Theatre and Science

Theatre can be a powerful means of communicating the excitement and richness of science.
 
In an influential lecture at the University of Cambridge in 1959, the British chemist and novelist, C.P. Snow drew attention to the ever widening chasm between the sciences and the humanities in post-war Britain. He asserted that “… the intellectual life of the whole of western society is increasingly being split into two polar groups” – literary intellectuals on
one side and physical scientists on the other.
Half a century later, in a distinctly warmer part of the world i.e. India, it would appear that the situation has not changed significantly. Of course, not being an intellectual by any stretch of imagination prevents me from commenting on the “intellectual life” of Indian society but I certainly think that the polarity that Snow pointed out is alive and kicking in
our schools, colleges and daily lives. In India, the hard lines between science, humanities and arts are drawn deep and early. Formally, this occurs after the Class 10 board exams, when students necessarily have to make a choice between Science, Arts or Commerce. From this point onwards, the rigidity of the formal education system offers little space to a 16-year-old who has a passion for say, both painting and physics (assuming that such s/he is interested in anything at all, after the brutal cramming of the previous 10 years). Unlike foreign universities, where one may easily combine a major
in engineering with a minor in film studies, such possibilities are remote here. Is it any wonder that we rarely encounter the likes of Steve Jobs who inteintegrated engineering and calligraphy to develop the marvellous user interface of Apple products?
An increasingly specialised world forces us down straight and narrow paths that lead to a diminished appreciation of the richness of both the sciences and the arts. Yet, when the two converge the results can be unexpected and interesting. In the last few months, I have had the opportunity to be a part such a convergence.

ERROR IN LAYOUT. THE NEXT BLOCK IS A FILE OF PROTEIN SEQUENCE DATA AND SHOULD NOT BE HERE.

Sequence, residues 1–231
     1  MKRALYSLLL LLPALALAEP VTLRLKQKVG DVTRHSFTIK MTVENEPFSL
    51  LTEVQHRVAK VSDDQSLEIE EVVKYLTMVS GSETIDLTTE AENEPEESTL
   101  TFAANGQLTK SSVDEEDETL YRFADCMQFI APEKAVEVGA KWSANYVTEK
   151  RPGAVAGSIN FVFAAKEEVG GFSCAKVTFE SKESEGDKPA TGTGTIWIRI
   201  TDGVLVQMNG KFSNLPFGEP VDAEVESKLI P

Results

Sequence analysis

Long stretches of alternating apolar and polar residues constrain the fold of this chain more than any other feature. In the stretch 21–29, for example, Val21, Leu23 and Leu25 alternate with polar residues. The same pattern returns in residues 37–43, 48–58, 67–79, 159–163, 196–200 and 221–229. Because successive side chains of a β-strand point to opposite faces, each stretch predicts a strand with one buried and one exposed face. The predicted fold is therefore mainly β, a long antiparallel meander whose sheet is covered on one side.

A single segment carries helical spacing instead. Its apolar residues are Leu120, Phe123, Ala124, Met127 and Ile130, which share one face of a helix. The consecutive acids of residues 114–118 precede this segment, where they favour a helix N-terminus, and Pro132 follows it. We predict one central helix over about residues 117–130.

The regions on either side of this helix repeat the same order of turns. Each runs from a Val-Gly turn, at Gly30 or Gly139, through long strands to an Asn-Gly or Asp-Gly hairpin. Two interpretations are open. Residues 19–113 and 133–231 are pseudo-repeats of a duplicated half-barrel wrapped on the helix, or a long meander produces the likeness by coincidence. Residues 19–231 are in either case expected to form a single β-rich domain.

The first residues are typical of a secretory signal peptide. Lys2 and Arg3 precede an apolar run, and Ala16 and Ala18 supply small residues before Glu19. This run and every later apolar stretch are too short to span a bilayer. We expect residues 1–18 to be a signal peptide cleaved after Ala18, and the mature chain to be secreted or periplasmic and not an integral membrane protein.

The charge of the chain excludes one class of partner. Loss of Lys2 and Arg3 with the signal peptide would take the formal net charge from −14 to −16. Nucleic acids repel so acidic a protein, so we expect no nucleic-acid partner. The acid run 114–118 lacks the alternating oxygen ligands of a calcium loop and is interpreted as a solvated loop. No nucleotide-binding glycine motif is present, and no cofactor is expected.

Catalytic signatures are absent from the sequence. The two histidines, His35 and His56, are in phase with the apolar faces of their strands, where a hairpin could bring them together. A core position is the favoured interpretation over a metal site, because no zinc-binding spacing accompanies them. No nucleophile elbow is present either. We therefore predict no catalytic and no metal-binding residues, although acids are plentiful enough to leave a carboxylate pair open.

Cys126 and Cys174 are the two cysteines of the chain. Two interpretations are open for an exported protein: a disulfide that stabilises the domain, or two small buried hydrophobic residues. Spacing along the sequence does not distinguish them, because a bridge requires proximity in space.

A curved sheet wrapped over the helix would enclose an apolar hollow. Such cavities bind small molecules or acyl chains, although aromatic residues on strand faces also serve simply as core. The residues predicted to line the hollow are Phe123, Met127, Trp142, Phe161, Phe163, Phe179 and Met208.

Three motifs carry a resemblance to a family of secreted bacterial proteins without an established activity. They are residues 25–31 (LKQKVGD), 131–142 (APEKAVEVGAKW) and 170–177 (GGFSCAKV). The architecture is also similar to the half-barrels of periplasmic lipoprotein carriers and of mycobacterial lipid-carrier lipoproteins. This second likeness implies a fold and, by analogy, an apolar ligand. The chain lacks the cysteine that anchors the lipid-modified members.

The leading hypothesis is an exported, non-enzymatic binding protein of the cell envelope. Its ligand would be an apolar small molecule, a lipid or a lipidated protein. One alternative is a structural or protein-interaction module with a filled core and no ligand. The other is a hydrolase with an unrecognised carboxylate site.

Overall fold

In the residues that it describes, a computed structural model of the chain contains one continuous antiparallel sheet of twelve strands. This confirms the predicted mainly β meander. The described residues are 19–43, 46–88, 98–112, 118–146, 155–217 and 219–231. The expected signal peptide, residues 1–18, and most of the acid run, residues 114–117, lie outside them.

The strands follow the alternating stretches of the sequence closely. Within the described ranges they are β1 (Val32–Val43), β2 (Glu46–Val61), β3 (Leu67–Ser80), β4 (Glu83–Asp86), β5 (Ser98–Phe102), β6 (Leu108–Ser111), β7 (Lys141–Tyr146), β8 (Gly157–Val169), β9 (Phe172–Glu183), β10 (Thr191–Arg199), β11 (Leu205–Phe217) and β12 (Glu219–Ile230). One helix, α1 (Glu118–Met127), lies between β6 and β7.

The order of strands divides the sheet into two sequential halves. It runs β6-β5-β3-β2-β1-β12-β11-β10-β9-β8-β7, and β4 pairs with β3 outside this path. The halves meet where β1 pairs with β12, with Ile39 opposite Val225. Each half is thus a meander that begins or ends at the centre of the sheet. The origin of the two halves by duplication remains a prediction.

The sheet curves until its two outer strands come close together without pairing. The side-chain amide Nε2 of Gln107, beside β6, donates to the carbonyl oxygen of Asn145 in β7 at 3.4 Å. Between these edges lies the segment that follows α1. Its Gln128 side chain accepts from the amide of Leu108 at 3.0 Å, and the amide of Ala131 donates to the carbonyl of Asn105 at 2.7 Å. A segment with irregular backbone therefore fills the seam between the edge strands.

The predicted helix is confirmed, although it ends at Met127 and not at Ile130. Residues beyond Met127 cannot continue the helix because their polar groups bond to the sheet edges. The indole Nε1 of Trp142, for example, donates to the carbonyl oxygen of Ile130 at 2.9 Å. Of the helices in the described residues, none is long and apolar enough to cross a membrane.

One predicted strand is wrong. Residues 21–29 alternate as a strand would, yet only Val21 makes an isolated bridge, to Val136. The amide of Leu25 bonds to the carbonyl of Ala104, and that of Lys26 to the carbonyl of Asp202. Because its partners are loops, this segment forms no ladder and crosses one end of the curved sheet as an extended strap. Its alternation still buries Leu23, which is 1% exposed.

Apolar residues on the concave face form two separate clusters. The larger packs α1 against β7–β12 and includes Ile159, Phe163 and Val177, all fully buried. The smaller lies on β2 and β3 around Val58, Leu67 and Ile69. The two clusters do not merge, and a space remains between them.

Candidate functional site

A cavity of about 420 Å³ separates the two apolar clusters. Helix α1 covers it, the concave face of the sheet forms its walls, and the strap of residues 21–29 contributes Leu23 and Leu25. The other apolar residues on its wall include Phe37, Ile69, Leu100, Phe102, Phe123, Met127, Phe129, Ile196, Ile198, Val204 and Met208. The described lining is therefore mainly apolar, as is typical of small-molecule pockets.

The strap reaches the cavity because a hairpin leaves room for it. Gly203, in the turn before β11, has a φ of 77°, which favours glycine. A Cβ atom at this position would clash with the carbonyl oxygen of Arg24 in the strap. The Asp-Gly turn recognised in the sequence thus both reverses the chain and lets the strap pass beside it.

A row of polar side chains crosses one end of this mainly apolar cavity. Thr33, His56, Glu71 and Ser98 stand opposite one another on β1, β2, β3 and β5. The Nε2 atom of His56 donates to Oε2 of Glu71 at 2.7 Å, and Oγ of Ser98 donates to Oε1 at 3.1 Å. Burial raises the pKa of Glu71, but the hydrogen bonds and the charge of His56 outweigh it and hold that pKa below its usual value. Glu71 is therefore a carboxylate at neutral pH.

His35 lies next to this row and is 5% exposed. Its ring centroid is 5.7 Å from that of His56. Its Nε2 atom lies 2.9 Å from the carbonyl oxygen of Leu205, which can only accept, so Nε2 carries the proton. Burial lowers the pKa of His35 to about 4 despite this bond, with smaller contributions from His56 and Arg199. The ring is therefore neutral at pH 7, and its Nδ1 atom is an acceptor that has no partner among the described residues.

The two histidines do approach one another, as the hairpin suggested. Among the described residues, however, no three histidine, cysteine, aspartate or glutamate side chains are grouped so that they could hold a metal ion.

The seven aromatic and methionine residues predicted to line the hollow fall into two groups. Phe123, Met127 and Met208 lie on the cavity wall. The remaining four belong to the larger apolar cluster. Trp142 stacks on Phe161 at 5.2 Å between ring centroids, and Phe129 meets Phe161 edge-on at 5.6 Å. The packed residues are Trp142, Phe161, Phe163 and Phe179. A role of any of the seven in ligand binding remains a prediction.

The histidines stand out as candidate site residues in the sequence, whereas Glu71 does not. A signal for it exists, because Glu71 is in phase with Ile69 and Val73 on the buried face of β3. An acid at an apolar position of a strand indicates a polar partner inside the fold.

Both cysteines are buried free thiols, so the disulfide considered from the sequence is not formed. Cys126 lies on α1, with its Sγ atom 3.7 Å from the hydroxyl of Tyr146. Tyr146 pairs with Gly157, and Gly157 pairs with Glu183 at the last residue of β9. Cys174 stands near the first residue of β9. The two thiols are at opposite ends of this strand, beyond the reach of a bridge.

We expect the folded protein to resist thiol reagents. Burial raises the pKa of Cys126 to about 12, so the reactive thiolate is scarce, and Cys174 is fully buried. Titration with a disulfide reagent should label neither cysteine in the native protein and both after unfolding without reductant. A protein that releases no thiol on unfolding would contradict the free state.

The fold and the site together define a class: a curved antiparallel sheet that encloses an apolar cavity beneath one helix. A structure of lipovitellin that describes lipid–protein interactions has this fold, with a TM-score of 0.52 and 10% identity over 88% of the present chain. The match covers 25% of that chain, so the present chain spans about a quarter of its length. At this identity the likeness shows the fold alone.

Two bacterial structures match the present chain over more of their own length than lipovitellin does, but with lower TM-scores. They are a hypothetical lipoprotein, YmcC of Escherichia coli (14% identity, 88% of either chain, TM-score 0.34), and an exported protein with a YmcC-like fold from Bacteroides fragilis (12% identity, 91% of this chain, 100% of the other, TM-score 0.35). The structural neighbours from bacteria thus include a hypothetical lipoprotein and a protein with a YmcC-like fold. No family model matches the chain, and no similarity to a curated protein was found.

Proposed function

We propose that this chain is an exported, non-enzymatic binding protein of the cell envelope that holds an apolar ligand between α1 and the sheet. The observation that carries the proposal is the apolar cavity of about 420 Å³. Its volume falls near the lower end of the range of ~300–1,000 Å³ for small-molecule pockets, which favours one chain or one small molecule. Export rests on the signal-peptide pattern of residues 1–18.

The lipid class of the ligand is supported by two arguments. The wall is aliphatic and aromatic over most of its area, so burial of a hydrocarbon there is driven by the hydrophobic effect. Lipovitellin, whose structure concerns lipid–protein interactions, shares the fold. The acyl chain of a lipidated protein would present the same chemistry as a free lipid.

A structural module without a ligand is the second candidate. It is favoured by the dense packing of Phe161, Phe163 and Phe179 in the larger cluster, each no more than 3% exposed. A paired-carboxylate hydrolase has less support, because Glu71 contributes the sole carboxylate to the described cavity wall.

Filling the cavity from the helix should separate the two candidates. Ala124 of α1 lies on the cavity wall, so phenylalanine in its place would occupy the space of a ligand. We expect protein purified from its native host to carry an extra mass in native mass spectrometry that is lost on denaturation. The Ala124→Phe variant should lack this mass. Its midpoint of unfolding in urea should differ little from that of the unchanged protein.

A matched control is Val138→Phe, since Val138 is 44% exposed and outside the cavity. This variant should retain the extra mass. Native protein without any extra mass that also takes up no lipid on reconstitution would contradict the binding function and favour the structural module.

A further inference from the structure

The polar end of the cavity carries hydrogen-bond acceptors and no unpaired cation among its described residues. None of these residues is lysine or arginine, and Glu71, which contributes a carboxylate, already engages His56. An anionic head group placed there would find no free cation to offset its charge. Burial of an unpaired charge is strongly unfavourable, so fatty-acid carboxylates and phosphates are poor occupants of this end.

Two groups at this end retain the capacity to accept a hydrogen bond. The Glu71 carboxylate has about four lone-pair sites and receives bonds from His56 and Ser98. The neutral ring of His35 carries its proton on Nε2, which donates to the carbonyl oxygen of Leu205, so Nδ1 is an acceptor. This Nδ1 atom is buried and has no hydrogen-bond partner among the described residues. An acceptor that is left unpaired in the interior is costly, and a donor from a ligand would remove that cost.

The amateur theatre group, that I sometimes work with, staged two plays about science and scientists – Copenhagen by Michael Frayn and Life of Galileo by Bertolt Brecht.

Both plays are based on true incidents and feature historical characters. Copenhagen is a dramatised account of a mysterious meeting between two giants of modern atomic physics – Werner Heisenberg and Niels Bohr. The meeting took place in Bohr’s house in Copenhagen in September, 1941 at the height of the Second World War, at a time when Denmark was under German occupation. Heisenberg was one the few physicists who had stayed on in Hitler’s Germany unlike Einstein, Wolfgang Pauli, Max Born and many others who had crossed over to the Allies. Heisenberg, a deeply patriotic German, was accused of trying to build the atom bomb for Hitler, an allegation that he refuted time and again. Bohr on the other hand, was part of the Manhattan project that actually built the Allied atomic bombs that were ultimately unleashed upon Hiroshima and Nagasaki.
In a Rashomon like narrative structure, the play flits across time and space, interpreting and re-interpreting that fateful meeting between Bohr and Heisenberg, as multiple attempts are made to answer the crucial question – why did Heisenberg meet Bohr in Copenhagen in 1941? Each dramatic interpretation presents a different answer to the audience. Among others, the explanations include:
1) that Heisenberg tried to appeal to Bohr’s conscience as a scientist hoping that he would be able to influence the allies to stop the Manhattan Project,
2) that Heisenberg tried to pick Bohr’s brains to understand the physics of fission so that he could build the bomb himself and
3) that he came to explain how he was preventing the Nazi scientists from building the bomb and why he had to stay on in Germany.
The play operates at many levels – personal, political and scientific. It explores the personal and professional relationship between Bohr and Heisenberg, once friends and colleagues, but now pitted against each other. It brings out the very human dilemmas before the scientist, who engrossed in his research doesn’t care “what the truth will lead to” but suddenly discovers that he is forced to care because of his innate humaneness. 
Michael Frayn’s Copenhagen is a incredibly complex and nuanced work – a three -hour long play liberally peppered with references to abstruse concepts such as the uncertainty principle, Schrodinger’s Cat, matrix mechanics, the diffusion equation and so on, which make it a bizarrely difficult and intellectually demanding experience for any audience. When the play opened we were fairly sure that people would start leaving after half an hour.